When my mom and I planned a trip to North Africa for her sixtieth birthday, we anticipated the haunting ruins of Carthage and the endless dunes of the Sahara desert. But we never expected how Mediterranean much of Tunisia would feel--nor how much countries like France and especially Italy (only about a hundred miles away across the sea) had influenced its culture and cuisine.
Breakfasts often consisted of Italian coffees and French or Tunisian pastries, while lunch and dinner began with soup, followed by brik or salad or tajine as a second course, followed by a couscous dish, meat, or fish and vegetables. The most common ingredients included tomatoes, olive oil, tuna, eggs, dates, and honey.
As beautiful as the dishes we tried were the ceramics in which they were served--like this matching set of hand-painted plates and bowls at a farmhouse on the Cap Bon peninsula in the north of the country.
The ubiquitous brik is made with egg, parsley, and often tuna wrapped inside thin pastry and fried. We also tried a similar dish called Fatima fingers (named after the daughter of Mohammed), thin rolls made with mashed potato wrapped in crispy phyllo dough.
In Tunisia, couscous is prepared in a double boiler, with the vegetables and meats cooking below, and the aromatic steam rising up to cook the couscous in the pot above.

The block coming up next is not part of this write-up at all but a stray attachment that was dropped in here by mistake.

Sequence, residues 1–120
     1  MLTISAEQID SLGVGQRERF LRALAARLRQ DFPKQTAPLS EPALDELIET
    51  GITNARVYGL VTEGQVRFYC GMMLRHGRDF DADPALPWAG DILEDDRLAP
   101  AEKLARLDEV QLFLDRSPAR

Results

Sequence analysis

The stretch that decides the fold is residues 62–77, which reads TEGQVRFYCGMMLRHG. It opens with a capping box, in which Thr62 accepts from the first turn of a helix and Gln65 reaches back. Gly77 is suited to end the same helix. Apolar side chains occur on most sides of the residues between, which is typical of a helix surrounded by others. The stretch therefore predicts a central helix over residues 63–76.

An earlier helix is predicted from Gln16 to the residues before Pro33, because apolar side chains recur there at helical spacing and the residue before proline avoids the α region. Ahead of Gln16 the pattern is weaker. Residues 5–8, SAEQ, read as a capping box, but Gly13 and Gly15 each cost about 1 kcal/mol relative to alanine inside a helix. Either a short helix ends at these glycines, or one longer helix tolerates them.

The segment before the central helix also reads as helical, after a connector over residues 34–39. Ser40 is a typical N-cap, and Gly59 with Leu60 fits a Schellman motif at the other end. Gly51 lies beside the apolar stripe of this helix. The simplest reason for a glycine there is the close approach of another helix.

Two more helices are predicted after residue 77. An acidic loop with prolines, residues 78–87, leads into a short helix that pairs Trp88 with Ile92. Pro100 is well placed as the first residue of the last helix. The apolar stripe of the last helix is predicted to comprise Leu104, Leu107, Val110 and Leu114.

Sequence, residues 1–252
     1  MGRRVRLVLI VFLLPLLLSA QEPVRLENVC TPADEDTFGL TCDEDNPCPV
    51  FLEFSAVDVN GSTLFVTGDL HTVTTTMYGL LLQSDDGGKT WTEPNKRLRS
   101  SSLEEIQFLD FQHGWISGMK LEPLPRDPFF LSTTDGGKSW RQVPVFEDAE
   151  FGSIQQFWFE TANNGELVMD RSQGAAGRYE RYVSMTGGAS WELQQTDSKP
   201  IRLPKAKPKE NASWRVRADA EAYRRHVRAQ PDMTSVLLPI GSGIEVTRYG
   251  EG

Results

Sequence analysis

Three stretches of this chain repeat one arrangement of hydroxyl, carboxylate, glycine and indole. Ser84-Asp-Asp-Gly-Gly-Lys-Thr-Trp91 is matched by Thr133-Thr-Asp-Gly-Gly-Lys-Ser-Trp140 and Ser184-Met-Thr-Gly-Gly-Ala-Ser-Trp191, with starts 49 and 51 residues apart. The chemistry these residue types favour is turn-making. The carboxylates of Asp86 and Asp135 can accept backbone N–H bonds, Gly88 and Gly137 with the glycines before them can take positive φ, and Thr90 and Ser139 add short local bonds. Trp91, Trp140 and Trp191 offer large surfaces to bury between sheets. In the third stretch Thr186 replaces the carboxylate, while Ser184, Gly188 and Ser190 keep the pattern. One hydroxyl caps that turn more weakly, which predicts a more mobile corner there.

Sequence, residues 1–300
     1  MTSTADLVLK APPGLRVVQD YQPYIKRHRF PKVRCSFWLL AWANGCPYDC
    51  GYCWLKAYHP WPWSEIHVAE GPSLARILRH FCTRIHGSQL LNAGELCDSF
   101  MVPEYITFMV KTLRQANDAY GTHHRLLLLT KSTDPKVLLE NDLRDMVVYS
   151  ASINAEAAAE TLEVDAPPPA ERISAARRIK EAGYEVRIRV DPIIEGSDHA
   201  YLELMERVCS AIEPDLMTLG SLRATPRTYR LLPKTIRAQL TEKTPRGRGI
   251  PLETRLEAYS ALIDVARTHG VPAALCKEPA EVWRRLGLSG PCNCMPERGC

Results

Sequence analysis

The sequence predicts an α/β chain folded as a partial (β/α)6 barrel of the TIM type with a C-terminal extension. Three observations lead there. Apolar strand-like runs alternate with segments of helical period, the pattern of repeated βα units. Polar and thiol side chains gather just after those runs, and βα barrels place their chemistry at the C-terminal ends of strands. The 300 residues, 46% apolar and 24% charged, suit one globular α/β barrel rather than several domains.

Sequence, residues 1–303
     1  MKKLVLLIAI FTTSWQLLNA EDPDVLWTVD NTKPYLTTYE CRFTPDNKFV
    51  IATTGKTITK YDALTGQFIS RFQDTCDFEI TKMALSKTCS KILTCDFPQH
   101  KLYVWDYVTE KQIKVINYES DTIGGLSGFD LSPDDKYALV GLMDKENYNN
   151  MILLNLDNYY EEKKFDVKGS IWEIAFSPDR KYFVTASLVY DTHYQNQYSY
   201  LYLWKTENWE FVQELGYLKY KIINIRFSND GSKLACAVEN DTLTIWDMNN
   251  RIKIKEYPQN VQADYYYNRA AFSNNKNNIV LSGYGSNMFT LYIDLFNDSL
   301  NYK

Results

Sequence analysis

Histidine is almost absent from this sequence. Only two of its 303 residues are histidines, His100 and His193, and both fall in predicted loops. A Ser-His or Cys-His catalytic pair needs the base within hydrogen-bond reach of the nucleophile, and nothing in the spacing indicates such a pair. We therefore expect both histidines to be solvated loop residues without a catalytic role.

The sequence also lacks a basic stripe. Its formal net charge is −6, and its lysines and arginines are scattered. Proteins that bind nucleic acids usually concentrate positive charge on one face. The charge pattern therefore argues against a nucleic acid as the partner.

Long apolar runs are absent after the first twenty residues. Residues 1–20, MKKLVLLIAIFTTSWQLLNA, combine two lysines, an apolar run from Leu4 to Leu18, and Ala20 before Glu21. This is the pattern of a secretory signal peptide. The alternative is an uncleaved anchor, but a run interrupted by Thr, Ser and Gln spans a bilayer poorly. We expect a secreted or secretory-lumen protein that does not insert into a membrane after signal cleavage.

Though we never tasted it, camel meat is available for eating. Here pieces of a camel (including the head) hang inside a butcher shop. Lamb, chicken, and beef are more popular, however.
We visited a fish market on the island of Djerba and watched as local men auctioned off the freshly caught fish.
Bread was a constant accompaniment to our meals. The foods of the Sahara include this Bedouin flat bread, which was cooked in the sand, with hot coals from the fire raked over it. It was served still steaming hot, and we could feel the distinctive crunch of sand grains between our teeth.
April is orange season, and we ate these unusually sweet fruits every chance we got--especially at breakfast and at the end of meals.
Mint tea is a popular drink, made by steeping green tea leaves once, discarding the tea, then steeping a second time and adding fresh mint and lots of sugar. The variety shown here was served with toasted almonds in the glass in place of mint leaves.
Our favorite sweets were the corne de gazelle (horns of gazelle) made with almonds, pistachios and sesame seeds wrapped in pastry and flavored with cinnamon and orange blossom water.
And I would be remiss if I did not mention the spicy harissa made with ground chilis (visible in the upper right corner above) and served at every meal. Tunisians pour a little olive oil over top and dip their bread in it. It's also used to flavor meat and couscous dishes.
Nor can I forget the beloved date, grown in desert oases. The date palm is an ancient plant that appears in the Quran, and its harvest is very important to Tunisia. These little finger-shaped fruits are so highly caloric that it is said six dates a day can sustain a human being. We were too busy eating other things to test that theory.